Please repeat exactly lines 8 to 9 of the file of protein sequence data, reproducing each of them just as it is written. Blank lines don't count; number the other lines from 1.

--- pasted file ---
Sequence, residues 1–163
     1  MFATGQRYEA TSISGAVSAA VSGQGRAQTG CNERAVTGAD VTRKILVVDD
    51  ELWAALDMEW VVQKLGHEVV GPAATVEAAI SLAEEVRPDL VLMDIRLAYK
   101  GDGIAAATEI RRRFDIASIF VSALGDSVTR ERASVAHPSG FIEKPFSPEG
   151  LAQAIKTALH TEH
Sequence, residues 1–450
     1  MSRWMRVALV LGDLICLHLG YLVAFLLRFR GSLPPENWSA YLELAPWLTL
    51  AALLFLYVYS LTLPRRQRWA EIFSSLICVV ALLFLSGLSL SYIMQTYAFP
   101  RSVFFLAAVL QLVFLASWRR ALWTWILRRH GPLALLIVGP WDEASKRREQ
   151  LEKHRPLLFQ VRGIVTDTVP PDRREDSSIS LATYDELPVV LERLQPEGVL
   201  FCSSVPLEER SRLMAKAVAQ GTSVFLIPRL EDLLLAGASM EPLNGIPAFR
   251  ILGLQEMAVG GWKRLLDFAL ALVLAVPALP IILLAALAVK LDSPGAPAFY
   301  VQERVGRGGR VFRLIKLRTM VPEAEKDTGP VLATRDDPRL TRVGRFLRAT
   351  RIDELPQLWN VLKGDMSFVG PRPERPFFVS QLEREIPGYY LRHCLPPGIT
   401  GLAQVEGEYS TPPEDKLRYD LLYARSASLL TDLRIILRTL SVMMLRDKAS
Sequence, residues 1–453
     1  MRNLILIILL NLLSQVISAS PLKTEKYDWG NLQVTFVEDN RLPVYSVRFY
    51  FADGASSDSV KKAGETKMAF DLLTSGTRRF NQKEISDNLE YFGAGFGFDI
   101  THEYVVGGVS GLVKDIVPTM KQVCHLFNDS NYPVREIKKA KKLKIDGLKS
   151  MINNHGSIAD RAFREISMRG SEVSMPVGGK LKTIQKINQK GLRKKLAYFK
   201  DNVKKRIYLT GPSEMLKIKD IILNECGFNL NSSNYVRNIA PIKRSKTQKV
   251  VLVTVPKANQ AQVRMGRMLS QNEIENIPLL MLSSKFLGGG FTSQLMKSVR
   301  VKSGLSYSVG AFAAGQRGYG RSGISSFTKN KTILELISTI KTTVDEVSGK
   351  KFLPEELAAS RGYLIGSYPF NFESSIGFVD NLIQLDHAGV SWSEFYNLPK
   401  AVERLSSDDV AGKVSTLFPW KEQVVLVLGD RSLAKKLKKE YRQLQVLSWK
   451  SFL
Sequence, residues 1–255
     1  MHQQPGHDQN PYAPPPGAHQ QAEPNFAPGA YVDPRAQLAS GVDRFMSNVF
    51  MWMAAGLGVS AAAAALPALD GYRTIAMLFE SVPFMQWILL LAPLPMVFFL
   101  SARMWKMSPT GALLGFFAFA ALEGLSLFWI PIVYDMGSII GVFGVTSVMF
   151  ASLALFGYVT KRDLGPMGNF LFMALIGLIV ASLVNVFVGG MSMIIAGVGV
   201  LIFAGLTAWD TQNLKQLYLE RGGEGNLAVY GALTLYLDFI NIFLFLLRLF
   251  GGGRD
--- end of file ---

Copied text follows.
    51  AALLFLYVYS LTLPRRQRWA EIFSSLICVV ALLFLSGLSL SYIMQTYAFP
   101  RSVFFLAAVL QLVFLASWRR ALWTWILRRH GPLALLIVGP WDEASKRREQ